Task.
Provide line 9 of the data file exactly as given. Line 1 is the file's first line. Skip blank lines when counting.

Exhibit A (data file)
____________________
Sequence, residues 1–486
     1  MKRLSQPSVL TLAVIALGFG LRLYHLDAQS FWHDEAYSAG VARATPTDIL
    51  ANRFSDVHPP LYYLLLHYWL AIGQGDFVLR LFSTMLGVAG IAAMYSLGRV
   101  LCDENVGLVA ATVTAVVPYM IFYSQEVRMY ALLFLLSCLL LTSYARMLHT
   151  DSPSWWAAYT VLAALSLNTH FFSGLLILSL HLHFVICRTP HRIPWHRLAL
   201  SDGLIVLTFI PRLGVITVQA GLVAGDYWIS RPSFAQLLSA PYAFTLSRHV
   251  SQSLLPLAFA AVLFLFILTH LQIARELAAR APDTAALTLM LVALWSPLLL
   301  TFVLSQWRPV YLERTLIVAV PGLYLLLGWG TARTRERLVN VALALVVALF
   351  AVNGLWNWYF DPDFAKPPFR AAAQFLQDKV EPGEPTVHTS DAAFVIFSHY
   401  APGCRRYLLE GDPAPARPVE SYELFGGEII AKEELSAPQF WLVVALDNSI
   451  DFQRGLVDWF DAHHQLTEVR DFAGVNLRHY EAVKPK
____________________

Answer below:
   351  AVNGLWNWYF DPDFAKPPFR AAAQFLQDKV EPGEPTVHTS DAAFVIFSHY